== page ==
Casting a movie is often a tricky process. The director and casting department not only have to find talented actors who have that je ne sais quoi, that certain star quality, but who also bring the character they’re playing to life. Thus far, Marvel’s Cinematic Universe has been spot on, casting the impeccable Robert Downey Jr as Iron Man, Scarlett Johansson as Black Widow, Mark Ruffalo as the Hulk, and of course, Chris Hemsworth as Thor. For the most recent outing, Thor: Ragnarok, currently in production, New Zealand-born director Taika Waititi pulled in some heavy hitters for certain roles, including Thor’s antagonists Skurge (Karl Urban), Hela the Goddess of Death (Cate Blanchett), and Grandmaster (Jeff Goldblum).One casting choice, however, set some comic book purists on edge – Tessa Thompson in the role of Valkyrie (a.k.a. Brunhilde in the Marvel comics realm). The director recently opened up about his rationale behind his non-traditional Norse heroine.In a interview with CBR, Waititi explored his creative divergence from the comic book. While many Marvel devotees have learned to expect some drastic changeups as of late, others found casting the Afro-Latin-American Thompson as the traditionally blond-haired Caucasian Valkyrie unacceptable. Waititi, director of the critically acclaimed Hunt For the Wilderpeople, dismissed the character changes offhand, saying:“People forget that. Die-hard fans will say, ‘That’s not really authentic to the comics,’ but as soon as they watch the movie, and they’re involved in the story, and actually what’s happening, everybody forgets. The fact that we even have to keep having this conversation is ridiculous, because we keep forgetting. Unless it’s the topic of the film, it just shouldn’t even be — what do we even care?”
Director Taika Waititi on What We Do in the Shadows.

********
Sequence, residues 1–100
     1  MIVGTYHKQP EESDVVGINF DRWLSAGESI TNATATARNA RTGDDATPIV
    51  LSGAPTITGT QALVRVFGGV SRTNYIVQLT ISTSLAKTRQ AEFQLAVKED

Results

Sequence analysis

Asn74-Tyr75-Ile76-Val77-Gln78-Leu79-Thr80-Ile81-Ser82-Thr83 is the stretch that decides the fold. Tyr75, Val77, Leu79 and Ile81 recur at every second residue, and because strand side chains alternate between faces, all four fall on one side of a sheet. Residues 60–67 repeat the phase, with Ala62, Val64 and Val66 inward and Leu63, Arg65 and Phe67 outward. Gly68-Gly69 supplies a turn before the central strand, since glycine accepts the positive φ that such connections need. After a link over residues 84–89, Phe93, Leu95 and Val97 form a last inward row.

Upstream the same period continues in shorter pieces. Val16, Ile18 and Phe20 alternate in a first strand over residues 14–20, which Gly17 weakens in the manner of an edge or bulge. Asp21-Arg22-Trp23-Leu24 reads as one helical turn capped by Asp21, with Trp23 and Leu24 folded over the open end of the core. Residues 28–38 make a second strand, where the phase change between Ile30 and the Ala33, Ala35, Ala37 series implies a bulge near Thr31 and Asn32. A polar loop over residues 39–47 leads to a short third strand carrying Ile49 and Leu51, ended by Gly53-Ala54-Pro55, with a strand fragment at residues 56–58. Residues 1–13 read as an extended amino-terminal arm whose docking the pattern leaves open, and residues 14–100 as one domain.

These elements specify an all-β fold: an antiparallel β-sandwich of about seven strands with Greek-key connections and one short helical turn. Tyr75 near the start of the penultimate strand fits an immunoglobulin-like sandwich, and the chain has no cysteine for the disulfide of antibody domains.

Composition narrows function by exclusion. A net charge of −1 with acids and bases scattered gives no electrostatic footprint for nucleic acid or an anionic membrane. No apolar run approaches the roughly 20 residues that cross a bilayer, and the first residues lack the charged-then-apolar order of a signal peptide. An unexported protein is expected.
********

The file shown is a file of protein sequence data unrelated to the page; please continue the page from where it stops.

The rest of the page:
The Thor 3 helmer also delved into the character, as well as what he and the Marvel casting department wanted for their Valkyrie. Waititi said:“Right from the start we wanted to diversify the cast, and it’s hard when you’re working with Vikings. [Laughs.] You want to be more inclusive and provide a broader representation. And at that point, you have to look at the source material as a very loose inspiration. And then take it from there and go with your gut. Say, ‘You know what? None of that stuff matters. Just because the character was blonde and white in the comic book. That doesn’t matter. That’s not what [that character] is about.’”Most of all, Waititi discussed the importance of casting to fit the role:“I think the story is king, and you want the best person for the job. And Tessa tested against — we cast a very broad net, and Tessa was the best person.”Backlash in Hollywood over the casting of traditional versus non-traditional roles has been a hot-button issue as of late. Between people angered about whitewashing in major cinematic films like Gods of Egypt and those upset about recasting traditionally white characters as people of color, such as Idris Elba as the Gunslinger in The Dark Tower, the debate over the importance of diversity versus traditional imagery rages on. Marvel itself isn’t averse to multicultural casting (although they’ve had their hurdles). For instance, within the Thor series, Heimdall – typically a white character in the comic book – is played by the consummate thesp Idris Elba, which no one seems to mind anymore.In the long run, the backlash over diversifying characters in Hollywood is less important than whether they nail the role, as Waititi himself points out: If the actor fits the role, run with it. It remains to be seen what Valkyrie’s precise role in Thor: Ragnarok will be. If her performances in Creed and Selma are any indication of what’s to come, though, she possesses the talent and intensity to shine as Thor’s cosmic cohort and possible love interest.Doctor Strange opens November 4, 2016; Guardians of the Galaxy Vol. 2 – May 5, 2017; Spider-Man: Homecoming – July 7, 2017; Thor: Ragnarok – November 3, 2017; Black Panther – February 16, 2018; Avengers: Infinity War Part 1 – May 4, 2018; Ant-Man and the Wasp – July 6, 2018; Captain Marvel– March 8, 2019; Avengers: Infinity War Part 2– May 3, 2019; and as-yet untitled Marvel movies on July 12, 2019, and on May 1, July 10, and November 6 in 2020.Source: CBR